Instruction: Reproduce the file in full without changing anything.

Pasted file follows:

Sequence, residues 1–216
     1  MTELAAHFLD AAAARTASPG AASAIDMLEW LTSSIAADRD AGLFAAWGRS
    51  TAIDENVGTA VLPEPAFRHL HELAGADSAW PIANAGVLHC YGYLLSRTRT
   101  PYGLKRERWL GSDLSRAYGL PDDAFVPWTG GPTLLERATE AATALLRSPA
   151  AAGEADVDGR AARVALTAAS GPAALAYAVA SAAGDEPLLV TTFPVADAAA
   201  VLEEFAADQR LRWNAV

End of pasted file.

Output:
Sequence, residues 1–216
     1  MTELAAHFLD AAAARTASPG AASAIDMLEW LTSSIAADRD AGLFAAWGRS
    51  TAIDENVGTA VLPEPAFRHL HELAGADSAW PIANAGVLHC YGYLLSRTRT
   101  PYGLKRERWL GSDLSRAYGL PDDAFVPWTG GPTLLERATE AATALLRSPA
   151  AAGEADVDGR AARVALTAAS GPAALAYAVA SAAGDEPLLV TTFPVADAAA
   201  VLEEFAADQR LRWNAV